Our NHS doctors and nurses are no strangers to dealing with death. But even the most highly trained staff are feeling broken by the toll of the pandemic. Anna Moore hears their harrowing stories and asks how they will cope with the emotional fallout.
For Abi Carr*, 45, a senior intensive care unit (ICU) nurse in Buckinghamshire, there’s a Covid-19 patient she’ll never forget. A woman in her 60s, ‘she had two sons like me,’ says
Abi. ‘She came in struggling to breathe, so exhausted she wanted to die.’ The woman was first given CPAP (continuous positive airway pressure) – a tight-fitting mask that floods the body with oxygen. ‘She was very sick and I fought hard to have her ventilated. When a consultant finally agreed, she arrested and died while it was being done. Did I do the right thing? Should I have pushed harder so it was done sooner? I still wake at 3am thinking about that lady. She’ll be with me for ever.’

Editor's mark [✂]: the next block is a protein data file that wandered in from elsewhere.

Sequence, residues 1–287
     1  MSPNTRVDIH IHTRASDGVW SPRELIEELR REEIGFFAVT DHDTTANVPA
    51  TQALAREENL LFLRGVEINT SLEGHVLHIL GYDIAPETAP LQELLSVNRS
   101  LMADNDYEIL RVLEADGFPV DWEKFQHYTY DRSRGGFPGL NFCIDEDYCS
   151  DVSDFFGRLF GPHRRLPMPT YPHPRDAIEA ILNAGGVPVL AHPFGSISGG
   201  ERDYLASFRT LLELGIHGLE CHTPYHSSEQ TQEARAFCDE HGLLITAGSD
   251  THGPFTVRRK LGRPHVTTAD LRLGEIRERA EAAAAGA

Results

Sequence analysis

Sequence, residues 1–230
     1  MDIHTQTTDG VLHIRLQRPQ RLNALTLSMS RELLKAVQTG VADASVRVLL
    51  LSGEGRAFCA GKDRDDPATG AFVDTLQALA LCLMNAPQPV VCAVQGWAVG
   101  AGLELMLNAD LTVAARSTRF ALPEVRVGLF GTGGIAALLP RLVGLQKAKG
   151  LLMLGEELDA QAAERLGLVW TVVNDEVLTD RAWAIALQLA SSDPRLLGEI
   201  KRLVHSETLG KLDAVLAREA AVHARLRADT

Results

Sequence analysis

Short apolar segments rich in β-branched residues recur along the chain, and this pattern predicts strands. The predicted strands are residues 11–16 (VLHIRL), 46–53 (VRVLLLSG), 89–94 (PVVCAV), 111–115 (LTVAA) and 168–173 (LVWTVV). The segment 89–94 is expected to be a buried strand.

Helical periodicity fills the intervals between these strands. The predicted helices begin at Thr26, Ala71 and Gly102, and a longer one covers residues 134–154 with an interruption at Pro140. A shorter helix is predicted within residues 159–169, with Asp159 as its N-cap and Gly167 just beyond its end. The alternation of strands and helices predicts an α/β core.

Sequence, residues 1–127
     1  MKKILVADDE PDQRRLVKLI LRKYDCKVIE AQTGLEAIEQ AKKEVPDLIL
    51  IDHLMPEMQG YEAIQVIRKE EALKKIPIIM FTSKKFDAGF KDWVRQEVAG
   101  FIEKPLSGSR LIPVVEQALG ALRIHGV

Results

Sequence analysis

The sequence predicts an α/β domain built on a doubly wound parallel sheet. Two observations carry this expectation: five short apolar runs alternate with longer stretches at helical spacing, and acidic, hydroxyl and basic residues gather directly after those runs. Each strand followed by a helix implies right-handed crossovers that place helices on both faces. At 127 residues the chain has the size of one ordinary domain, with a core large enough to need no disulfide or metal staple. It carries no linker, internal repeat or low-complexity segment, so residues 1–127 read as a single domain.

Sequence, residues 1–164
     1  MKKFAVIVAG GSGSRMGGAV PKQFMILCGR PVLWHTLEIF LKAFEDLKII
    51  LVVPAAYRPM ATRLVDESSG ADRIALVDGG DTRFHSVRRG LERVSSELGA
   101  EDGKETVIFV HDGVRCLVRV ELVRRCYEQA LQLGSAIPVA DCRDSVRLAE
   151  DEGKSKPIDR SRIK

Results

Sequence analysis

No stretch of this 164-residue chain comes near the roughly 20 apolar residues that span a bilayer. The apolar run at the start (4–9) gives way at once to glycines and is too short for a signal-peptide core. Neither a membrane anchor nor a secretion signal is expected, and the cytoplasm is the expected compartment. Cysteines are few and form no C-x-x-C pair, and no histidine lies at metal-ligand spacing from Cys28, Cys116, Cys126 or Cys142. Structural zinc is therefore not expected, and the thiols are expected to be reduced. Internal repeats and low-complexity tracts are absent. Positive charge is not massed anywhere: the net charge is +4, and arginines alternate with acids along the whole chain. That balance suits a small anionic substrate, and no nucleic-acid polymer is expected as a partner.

For 31-year-old Dr Maddie Wells, a trainee anaesthetist in an ICU in Central London, the patient who stays in her mind is young like her. She is a new mother, but is yet to see her baby – instead she is sedated and on a ventilator, fighting Covid-19. Thankfully, says Dr Wells, she is now ‘doing well’.
For Dr Emily Kelly, 38, an ICU consultant in the East of England, the phone calls to relatives remain her darkest memories. ‘There’s no substitute for sitting down face to face with a family and talking through what might happen to a patient, carving a relationship over time,’ she says. ‘Phone calls don’t cut it. Since Covid, I’ve phoned complete strangers and told them their mother or father has died. I’ve called an elderly man and given him the news that his son has died. I remember hearing his wife faintly in the background, trying to figure out what was going on. I’ve lost count of the number of phone calls that have culminated in the person on the end of the line asking in disbelief, “So I’ll never see their face again?”’